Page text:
The long, winter evenings drew me closer to Harry and Ula. I got used to being together with them, and in harmony with them;

Ula, I allowed to continue trying “to make 'a mensch'” out of me.

After some time, when Mannik came home on leave again, and felt the difference which had occurred in our lives, he said:

“You're no longer free men. That woman's controlling you.”
The struggle between the security forces, at whose head stood Russian officers, and the Polish underground Right and gangs of thieves, robbers and bandits of various sorts, gradually escalated. The clashes between the different groups, the attacks, murders, imprisonment, were a daily event. Anti-Semitism also reared its head. In spite of the small number of Jews who had survived, the number of attacks on them gradually increased and became a common event. Again and again, the murders of Jews were announced from here and there. The Polish Security Services operated ceaselessly in trying to eradicate the underground groups and Mannik, whose army unit was active in that field, would come home exhausted and tense and always slept with a loaded pistol near his head. Every rustle would bring him to his feet, stretching his hand out towards his pistol. Jurziek and I, witnesses to his constant nervousness, were extremely worried about him and again tried to convince him to resign his commission and leave the army. Mannik refused to discuss the subject. Repeated his claim that it was essential to “..free the country of enemies of the Government' and insisted that he was obliged to do that work, stating that it wouldn't take long.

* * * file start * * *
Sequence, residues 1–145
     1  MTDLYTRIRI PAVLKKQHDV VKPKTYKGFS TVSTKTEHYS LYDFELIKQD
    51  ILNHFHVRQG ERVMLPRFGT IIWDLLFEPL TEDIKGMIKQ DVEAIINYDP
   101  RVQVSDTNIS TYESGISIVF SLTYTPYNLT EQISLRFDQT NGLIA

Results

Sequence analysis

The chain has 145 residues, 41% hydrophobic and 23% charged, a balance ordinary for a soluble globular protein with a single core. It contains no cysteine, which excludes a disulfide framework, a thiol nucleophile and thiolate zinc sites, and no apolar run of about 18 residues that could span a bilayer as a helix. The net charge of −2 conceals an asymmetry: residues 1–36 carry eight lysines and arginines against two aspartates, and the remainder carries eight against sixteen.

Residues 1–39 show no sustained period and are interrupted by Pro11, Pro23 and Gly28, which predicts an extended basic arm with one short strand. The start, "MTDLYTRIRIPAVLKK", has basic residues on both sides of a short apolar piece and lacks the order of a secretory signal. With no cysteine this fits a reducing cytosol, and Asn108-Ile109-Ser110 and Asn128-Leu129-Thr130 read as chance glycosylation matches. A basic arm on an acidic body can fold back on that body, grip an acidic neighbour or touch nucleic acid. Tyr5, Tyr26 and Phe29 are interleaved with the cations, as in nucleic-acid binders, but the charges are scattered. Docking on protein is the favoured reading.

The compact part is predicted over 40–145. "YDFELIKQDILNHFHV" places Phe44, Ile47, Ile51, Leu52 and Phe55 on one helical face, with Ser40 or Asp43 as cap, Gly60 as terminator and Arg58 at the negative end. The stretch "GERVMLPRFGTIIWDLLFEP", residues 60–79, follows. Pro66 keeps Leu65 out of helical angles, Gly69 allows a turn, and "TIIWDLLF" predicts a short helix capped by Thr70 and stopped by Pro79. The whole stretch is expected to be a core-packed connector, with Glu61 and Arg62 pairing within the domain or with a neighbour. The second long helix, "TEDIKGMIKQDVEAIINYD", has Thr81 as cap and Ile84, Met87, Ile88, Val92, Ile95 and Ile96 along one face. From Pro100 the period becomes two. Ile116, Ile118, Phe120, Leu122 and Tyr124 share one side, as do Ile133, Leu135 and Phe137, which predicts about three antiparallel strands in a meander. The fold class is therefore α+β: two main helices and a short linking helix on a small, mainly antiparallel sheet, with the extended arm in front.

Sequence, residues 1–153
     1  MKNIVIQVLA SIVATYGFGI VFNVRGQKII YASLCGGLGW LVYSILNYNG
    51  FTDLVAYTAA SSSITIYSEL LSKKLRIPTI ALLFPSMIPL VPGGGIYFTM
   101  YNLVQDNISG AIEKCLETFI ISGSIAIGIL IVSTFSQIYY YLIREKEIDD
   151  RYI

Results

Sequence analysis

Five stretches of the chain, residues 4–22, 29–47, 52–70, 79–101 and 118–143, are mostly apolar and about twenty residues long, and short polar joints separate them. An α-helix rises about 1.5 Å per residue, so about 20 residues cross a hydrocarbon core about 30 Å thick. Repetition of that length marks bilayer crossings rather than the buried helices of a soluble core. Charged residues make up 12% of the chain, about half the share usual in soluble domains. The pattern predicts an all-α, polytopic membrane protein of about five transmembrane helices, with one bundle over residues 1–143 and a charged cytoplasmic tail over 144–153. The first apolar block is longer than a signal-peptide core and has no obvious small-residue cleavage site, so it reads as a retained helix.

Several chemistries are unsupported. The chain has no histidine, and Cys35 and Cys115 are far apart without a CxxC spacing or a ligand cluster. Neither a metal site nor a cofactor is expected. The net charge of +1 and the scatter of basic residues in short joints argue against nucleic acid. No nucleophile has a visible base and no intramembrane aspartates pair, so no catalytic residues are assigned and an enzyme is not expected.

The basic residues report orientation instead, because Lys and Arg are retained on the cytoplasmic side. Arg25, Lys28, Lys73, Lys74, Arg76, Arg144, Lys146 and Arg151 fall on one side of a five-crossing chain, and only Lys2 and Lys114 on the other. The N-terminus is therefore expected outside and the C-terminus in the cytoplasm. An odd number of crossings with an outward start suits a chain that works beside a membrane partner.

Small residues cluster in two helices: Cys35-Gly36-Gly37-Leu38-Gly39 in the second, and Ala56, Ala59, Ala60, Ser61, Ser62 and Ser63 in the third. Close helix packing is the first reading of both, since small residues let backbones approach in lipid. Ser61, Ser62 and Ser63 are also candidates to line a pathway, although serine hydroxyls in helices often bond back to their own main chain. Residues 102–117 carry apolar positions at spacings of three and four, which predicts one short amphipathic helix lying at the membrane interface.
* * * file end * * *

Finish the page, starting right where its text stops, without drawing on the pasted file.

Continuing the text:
Not a long time after that we had a visit from an officer who gave us the terrible news - Mannik “...had been killed fighting for the sake the Homeland”. His funeral took place with full, impressive military honours. His company commander delivered a eulogy saying that “....the army had lost a fine officer, he had fought valiantly for the new Poland,” and added that he had been promoted post mortem to the rank of Captain. Jurziek recited the Kaddish for his brother, the last, sole surviving member of his entire family who had been left him.

Mannik's death hit me hard. Death had for a long time been my constant companion and I had learned to live with it. I had been hardened to loosing my closest friends to it, one after the other, and had continued to live and fight for my life. But with Mannik's death I could not come to terms. How could it be that after all we had shared together, passed through together, now, after the war, he should be killed? For what did we remain alive? I'd always had the feeling that we four - Jurziek, Mannik, Semen and myself - would always live together, and if we died, we'd die together. And now, Mannik was dead and of Semen, neither sight nor sound. All taste for life seemed gone; in the event I had been right, we, too, would not long remain alive. We were all sentenced to death, in any case; we belonged to a multitude already done to death. Our place was among them. My heart contacted every time I glanced at Jurziek. I knew how much he loved and admired his brother, and how proud he was of him. How would he live from now onwards without him? Jurziek - the strongest of all of us, the magician of resourcefulness, the man who taught all of us not to be afraid, not to lose hope no matter what, to overcome all obstacles, sat, now, hour after hour, lost in thoughts and memories, totally silent, as if he had ceased to exist. There was nothing I could do to help him. I felt totally inadequate. I couldn't find a single suitable word to say to him and all the time I was terrified that he would punish himself by committing suicide. And, in truth, Jurziek blamed himself for Mannik's death - in that he had failed to convince his brother to leave the army. “I should have forced him to leave,” he said over and over again.